His picture sits on our fridge and every morning we wish him Good Morning and I look at him and wonder how it can be that we are fat with food and safety yet he will, everyday, be out in the fields helping his parents to farm cassava, rice and other vegetables so that they can eat. He will help fetch water and firewood and will work his little non-existent socks off so that they can survive and prosper in, what to us, seems such a primitive way.
 Working with Plan and supporting Egidio, gives my children a unique insight into a life that is so hard to understand. Yet we already talk about and try to grasp what is his life in comparison to ours and it is a beautiful gift for my, very fortunate, family to see this and for us to have Egidio in our lives.

50 Shades of boredom

Is it just me or is Fifty Shades of Grey the most appalling pile of dross yet to make it to such sensational publishing heights?

Having been brainwashed by a girlfriend, I could only assume that this trilogy; which she could not put down – and, btw, she still bangs on about ‘Christian’ months and months later – would be unputdownable.

Sadly not, I keep reading the first book in the hope that the sex scenes might be worth the time and energy I am putting into reading this snogswhiffle, but no, no, NO! she screamed – in utter frustration – it is unprovocative and salaciously, stark – void of any kind of drama and literary edowment.

The characters are lifeless and one dimensional, the plot is shockingly flimsy and the pace banal… I am left hollow each and every time I pick it up. Although, I feel I should pursue it to the end just for the sake of my girlfriend – my hearts just not in it.

My heroine Caitlin Moran, claimed that despite its petty drivel 50 Shades has allowed, and continues to in droves, women to enjoy female porn in a more acceptable way.  Yet its not decent is it? Its toss and not even literally.

Does she have a point though – do women want more feminine porn? Well, yes, maybe they do. Or maybe they don’t do. Do you ladies??

One thing is for sure though, the current copiousness of superfluous pornography in the 21st century is quite literally a tidal wave.

And horrendously accessible for children.

They see women with enormous round knockers, pouting lips and ridiculous tranny heels as an ideal, as normal. They watch the way they are treated physically and think: ‘this is ok’ – and lets face it: that is not ok.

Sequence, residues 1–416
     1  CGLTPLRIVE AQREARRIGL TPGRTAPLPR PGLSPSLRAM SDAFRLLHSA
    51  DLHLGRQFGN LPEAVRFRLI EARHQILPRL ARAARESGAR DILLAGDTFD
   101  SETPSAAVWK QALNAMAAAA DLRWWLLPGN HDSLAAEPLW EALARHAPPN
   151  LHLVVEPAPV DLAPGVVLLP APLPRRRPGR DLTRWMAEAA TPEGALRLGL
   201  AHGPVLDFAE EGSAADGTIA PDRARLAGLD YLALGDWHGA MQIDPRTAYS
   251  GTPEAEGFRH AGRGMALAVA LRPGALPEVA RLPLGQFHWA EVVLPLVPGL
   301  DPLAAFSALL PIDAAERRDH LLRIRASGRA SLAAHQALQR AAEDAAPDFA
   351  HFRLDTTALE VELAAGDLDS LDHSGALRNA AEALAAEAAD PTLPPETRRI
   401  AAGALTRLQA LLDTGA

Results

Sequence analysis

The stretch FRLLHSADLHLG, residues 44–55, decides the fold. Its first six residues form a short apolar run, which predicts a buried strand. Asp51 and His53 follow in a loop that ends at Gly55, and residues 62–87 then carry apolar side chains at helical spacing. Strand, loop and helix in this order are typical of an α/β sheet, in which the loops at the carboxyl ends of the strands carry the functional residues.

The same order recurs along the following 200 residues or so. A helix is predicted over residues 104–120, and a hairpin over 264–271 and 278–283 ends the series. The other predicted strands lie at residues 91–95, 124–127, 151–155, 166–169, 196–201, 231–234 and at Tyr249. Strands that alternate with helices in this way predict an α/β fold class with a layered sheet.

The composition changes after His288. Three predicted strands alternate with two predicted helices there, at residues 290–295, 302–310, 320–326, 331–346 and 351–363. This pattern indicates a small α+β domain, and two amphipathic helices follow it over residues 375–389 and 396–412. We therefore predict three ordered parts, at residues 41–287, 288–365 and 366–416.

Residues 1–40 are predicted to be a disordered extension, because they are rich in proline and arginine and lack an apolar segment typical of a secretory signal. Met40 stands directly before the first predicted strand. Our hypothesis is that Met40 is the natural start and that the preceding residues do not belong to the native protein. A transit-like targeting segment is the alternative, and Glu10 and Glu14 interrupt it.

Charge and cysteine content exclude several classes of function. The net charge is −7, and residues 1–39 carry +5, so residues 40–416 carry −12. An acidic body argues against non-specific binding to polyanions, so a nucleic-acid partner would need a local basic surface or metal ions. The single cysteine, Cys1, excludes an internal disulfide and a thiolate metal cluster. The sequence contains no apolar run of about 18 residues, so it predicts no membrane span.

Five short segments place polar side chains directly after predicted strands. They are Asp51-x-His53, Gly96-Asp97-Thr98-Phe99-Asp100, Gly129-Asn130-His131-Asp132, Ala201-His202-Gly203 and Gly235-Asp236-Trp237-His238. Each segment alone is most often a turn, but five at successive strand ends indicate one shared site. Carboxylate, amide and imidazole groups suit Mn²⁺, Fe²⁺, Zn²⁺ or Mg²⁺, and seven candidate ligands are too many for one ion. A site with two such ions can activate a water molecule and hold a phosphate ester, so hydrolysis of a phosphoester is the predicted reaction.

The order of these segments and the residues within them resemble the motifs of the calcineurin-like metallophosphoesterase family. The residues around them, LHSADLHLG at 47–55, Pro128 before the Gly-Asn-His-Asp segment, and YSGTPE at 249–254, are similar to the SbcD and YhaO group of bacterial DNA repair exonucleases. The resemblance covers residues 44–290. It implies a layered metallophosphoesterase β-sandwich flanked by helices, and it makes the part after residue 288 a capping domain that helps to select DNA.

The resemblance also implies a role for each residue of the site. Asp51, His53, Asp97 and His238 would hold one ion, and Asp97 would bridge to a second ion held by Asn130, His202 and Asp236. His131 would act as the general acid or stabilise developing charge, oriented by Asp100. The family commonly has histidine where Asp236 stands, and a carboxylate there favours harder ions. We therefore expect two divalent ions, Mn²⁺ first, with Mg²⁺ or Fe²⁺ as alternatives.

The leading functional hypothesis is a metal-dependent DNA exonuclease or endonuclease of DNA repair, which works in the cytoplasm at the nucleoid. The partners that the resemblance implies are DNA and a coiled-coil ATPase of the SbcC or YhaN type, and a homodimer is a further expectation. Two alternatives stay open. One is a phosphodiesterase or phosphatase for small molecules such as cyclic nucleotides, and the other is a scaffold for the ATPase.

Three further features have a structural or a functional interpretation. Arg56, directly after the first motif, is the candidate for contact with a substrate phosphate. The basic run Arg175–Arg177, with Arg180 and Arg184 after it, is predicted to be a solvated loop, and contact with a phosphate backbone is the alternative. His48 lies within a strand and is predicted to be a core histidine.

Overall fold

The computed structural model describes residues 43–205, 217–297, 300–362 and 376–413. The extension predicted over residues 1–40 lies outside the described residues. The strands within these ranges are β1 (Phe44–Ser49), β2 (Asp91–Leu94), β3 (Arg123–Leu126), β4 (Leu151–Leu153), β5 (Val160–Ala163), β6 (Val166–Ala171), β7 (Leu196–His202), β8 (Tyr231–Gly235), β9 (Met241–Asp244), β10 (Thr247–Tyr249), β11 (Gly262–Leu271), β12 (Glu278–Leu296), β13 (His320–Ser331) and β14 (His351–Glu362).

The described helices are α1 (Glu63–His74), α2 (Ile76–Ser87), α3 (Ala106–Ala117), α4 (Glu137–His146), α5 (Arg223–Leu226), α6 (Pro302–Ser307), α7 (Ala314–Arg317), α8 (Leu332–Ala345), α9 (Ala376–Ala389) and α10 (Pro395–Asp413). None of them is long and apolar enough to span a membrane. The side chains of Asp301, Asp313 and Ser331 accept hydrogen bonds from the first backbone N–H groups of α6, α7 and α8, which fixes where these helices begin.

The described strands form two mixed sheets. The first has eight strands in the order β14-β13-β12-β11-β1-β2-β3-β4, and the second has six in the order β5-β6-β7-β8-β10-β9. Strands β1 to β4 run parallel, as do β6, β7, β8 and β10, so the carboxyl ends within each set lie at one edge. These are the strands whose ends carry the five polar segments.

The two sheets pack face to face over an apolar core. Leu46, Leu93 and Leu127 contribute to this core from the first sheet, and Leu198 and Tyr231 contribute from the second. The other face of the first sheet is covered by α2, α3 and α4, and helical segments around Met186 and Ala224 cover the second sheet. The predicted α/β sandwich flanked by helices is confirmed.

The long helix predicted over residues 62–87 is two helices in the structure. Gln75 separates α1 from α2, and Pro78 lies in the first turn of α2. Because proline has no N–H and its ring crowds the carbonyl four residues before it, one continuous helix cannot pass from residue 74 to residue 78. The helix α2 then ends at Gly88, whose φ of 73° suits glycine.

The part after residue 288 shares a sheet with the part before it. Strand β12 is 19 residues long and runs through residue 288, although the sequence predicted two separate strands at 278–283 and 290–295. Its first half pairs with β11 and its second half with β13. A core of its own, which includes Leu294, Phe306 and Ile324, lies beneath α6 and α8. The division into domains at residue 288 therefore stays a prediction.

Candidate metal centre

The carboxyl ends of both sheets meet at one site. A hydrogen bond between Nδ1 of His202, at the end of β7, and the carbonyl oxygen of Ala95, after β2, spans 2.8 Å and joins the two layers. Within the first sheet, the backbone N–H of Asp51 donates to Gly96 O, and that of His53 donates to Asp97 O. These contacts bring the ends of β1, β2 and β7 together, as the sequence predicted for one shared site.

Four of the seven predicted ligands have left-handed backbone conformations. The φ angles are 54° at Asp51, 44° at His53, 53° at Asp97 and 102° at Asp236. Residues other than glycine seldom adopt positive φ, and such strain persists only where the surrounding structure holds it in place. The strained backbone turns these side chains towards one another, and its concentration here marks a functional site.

So does 50 Shades have a function or does it just, as in my mind, add to the heap of sordid drivel already over-whelming us?

Carb it…

Carbohydrates are fantastically dependable tools when you are raising children.
Potatoes, rice, pasta, bread – each, on their own, the perfect instant staple – but, when paired with something else, say…butter – they become altogether more effective, something far more magical…something delicious.
My children spent a year at École Maternelle, French pre-school; this dousing of a singular Gallic acedemic year left them bemused and confused by another language and entirely frustrated by the lengthy, daily, four-course meals they were served for lunch.
Much to their astonishment, their French, three and four-year old, peers took their time during lunch, contentedly munching away on their salad entrée, followed perhaps by a rabbit stew, then a cheese course and then a pudding to boot.
One dish they served regularly was a tiny pasta smothered in buerre, this simple side-dish was a great favourite with the children – served alongside meat or vegetables and always eaten with great gusto.
I continue to serve this pleasingly simple dish today, rice or pasta both thrive when introduced to a knob of butter. If you throw peas in as well – hey presto you have a simple feast, or perhaps the perfect accompaniment to just about anything and it is whipped up in a jiffy.  I like to roast some vegetables or sizzle some sausages to proffer alongside. Some juicy greens, a corn on the cob – nothing complicated.  
Children often crave comforting, effortless food after a hard day at school, and as the Autumnal weather draws in so does our desire for satisfying simplicity and nourishment. 

As seen on Crumbs.

Ecargot to go…

The pinchers squeezed down to grab something in the long wet dewy grass, what in hell is she doing, I

wondered. Dressed in fatigues and clutching a wire basket, the woman appeared in the early morning mist almost as a hunter, but of what?

It dawned on me, as I continued my run around the fields, and kept leaping out of the way of the fat, juicy snails that were taking a cooling, slither along the damp paths: a snail hunter – she was a bloody snail hunter!

Didn’t Elvis eat squirrels? So where do you draw the line? Personally my line is drawn well above snails, although as a child my father educated me in winkles, whelks, cockles, mussels; I adored all things crustacean.